Common Skin Problems of Children
Springtime is a time for fun and relaxation. People spend a great deal more time outdoors, which can be rough on the skin. During the warmer months children especially become more vulnerable to skin problems.
Reviewing the common skin problems of children may lessen your anxiety if rashes or growths appear on your children.
Atopic dermatitis (eczema): the childhood form of eczema may start at any age, but often has its onset between 2-10 years with the development of itchy red areas on the wrists and ankles and on the flexural surfaces of the arms and legs (elbows and knees). The skin may be thickened, shiny and oozing and is usually very dry. Treatment requires daily use of moisturizers and prescription steroid creams during breakouts. This is often a chronic problem that will continue to improve with careful treatment adjustment by parents properly instructed by their dermatologist on the safe and effective use of their medication. Medication by mouth may be needed in most severe cases.
Impetigo: Also known as Indian fire. A skin infection caused by a bacteria that begins as a tiny red bump and quickly turns into a honey-colored crusted plaque. It is most commonly found around the nose, but can occur on any area of skin that has been damaged. Impetigo is treated with antibiotics. For minor infections a topical antibiotic cream can be used, but more extensive cases will require an oral antibiotic.
Infections: rashes are commonly associated with many different types of viral infections, including roseola (causes high fever for 3-5 days and then once the fever goes away, small red bumps appear on the trunk that spread all over the body), fifth disease (causes red cheeks and then a fine lace-like red or pink rash on the arms), and chickenpox (causes small red bumps that turn into blisters that crust over).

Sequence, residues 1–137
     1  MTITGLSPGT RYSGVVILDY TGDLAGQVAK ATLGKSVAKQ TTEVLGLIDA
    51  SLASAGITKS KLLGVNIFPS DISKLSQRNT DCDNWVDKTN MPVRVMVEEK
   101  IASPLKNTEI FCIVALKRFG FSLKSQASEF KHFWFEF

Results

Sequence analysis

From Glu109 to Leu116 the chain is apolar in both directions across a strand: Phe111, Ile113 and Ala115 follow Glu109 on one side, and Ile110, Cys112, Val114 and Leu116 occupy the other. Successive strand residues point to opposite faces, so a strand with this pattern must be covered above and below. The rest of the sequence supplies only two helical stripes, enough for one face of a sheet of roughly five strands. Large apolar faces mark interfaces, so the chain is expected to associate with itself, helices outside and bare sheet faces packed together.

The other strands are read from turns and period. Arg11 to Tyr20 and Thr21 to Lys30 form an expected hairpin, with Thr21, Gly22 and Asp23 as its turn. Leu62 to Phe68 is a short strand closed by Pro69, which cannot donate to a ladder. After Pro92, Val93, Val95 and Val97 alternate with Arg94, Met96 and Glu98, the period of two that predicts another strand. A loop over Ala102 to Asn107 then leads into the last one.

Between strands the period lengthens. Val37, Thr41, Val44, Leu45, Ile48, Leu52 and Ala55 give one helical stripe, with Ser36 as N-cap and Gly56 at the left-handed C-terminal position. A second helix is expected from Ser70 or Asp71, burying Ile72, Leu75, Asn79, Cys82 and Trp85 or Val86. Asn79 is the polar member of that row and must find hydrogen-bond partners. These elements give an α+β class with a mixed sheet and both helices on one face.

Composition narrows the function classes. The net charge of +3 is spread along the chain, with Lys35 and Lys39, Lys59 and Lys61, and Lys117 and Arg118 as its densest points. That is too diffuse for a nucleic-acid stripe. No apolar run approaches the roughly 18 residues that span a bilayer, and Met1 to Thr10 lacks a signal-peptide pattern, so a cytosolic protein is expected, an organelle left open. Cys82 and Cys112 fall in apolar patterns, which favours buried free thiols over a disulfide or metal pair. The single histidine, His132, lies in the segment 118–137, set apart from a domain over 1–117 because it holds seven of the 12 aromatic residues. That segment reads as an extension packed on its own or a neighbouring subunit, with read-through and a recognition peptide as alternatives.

Keratosis pilaris: causes small pinpoint size red bumps and rough and dry skin on the cheeks and the back of the upper arms and legs. It is a chronic condition that is easy to treat with properly adjusted topical lubricants, keratolytics, and steroid creams.
Molluscum contagiosum: this is a type of wart caused by a virus. The rash consists of small flesh colored, dome shaped bumps with a crater in the center. They can be grouped on any skin surface, but are usually located on the head, neck, trunk and underarms. Treatment is simple and optional. This type of wart will go away on its own over several months to years. When treatment is desired, warts can be treated with a medication applied to the wart in the doctor’s office.
Many simple treatment options are available for these skin problems. The treatment results, mainly relief of discomfort and anxiety, will lead to a happier child and a more productive school year. As an educated parent, you can play an important role in improving the health of all children.
Dr. John Jones is a board certified dermatologist and an Associate Professor of Dermatologic Surgery and Dermatology at LSU Medical Center in New Orleans.
John J. Jones, Jr. M.D.
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